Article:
The second priority are complex algorithmic and structural problems. Think about all the algorithms and data structures you’ll need to use in the project. In front-end development, challenging algorithmic problems are relatively rare, but make sure you don’t need to traverse trees or build a complex search jobs.

Complex data structures are more common. Usually, the data needs some transformations; You may need to use different structures for UI and requests.

Most of the time, you should leave implementing the UI for the end. HTML and CSS are usually the simplest. Also, from the manager’s perspective, they’re generally not as crucial as the core functionality.

Final advice

I’ve got two final pieces of advice on scheduling a sprint. Everything takes more time than you expect. So when planning your work, assume coding will take 1.5 times more than you think. Also, don’t forget you’re responsible for testing your code. It doesn’t matter if your company has testers; you want to ship tested software that works fine. Testers are there for edge cases, not basic lookup.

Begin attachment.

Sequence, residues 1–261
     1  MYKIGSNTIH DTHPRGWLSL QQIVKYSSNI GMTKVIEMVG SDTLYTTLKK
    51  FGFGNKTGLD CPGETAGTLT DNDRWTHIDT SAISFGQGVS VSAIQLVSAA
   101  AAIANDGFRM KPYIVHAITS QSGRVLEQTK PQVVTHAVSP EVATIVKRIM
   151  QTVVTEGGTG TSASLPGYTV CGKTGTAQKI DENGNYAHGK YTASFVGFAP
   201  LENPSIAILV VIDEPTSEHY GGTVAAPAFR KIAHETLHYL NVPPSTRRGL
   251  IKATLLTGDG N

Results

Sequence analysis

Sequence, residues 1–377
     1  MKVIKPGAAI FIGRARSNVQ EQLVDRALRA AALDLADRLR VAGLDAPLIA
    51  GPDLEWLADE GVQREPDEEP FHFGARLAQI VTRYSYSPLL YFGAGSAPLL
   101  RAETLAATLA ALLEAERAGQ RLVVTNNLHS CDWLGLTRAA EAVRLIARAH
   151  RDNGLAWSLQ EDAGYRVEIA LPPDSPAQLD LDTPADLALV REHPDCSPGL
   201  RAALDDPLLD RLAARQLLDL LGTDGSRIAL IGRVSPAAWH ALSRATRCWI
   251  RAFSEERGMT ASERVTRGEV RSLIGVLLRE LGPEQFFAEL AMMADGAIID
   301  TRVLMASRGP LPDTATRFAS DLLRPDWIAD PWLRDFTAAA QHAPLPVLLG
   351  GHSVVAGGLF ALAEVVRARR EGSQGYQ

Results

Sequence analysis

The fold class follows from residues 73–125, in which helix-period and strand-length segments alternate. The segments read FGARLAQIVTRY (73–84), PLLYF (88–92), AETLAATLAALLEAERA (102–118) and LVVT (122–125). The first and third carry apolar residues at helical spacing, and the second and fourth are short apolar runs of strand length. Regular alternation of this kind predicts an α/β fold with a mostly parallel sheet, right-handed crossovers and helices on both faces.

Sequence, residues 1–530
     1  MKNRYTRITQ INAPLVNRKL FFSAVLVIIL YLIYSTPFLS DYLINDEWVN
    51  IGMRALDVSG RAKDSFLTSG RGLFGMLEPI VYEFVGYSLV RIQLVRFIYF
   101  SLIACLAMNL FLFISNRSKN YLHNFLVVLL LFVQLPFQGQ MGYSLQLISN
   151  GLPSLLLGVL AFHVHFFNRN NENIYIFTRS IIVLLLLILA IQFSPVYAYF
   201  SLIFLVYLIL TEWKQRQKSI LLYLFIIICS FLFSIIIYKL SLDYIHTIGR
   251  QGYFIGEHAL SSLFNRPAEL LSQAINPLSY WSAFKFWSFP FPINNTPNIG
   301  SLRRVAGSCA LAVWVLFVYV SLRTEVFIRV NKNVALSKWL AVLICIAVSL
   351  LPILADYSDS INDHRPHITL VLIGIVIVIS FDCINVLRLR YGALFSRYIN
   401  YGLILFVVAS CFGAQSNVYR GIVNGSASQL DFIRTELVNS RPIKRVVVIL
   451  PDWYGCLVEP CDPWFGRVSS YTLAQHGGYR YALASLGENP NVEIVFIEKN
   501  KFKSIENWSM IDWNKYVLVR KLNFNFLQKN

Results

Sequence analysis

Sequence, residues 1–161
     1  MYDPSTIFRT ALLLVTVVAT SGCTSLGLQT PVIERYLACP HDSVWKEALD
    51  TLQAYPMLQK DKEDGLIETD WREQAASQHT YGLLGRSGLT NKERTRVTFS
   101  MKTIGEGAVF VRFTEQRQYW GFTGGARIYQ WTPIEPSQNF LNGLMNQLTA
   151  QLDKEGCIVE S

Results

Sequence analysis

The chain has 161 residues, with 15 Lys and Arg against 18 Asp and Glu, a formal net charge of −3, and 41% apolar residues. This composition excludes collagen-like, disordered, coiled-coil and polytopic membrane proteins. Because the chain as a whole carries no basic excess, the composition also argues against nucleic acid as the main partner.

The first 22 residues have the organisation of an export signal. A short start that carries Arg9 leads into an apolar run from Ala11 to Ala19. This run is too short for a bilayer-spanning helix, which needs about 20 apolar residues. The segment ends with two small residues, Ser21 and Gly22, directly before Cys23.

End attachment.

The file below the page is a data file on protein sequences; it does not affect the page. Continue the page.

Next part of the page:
After examining all aspects of your task, you should have a general idea if it is achievable with your skillset and within a given deadline. If you believe you can’t do it, let your boss know about it as fast as possible. Don’t be afraid; most managers can handle respectful and sensible reservations. What they can’t handle is a lack of reliable information on time.

In many cases, you’ll be waiting for someone. Maybe it’s a backend developer who needs to create an endpoint or a designer who forgot to prepare icons for you. Make the most of the waiting times. Don’t take a break; move on to different parts of the task, or test your code. Developers work under time pressure, so don’t waste time for no reason.

It doesn’t matter how good you are; Sometimes, things go off. If you know you won’t finish on time, let your manager know as fast as possible. Missing the deadline is terrible, but it’s much worse to know you’ll miss it just half an hour before hitting it. Deadlines are important, but with good communication, they’re negotiable.

Photo by Jo Szczepanska on Unsplash

The project is a sum of days and sprints, so you have to use the same rules in managing your time in the project. But projects also have another set of unique challenges, especially planning features and prioritizing.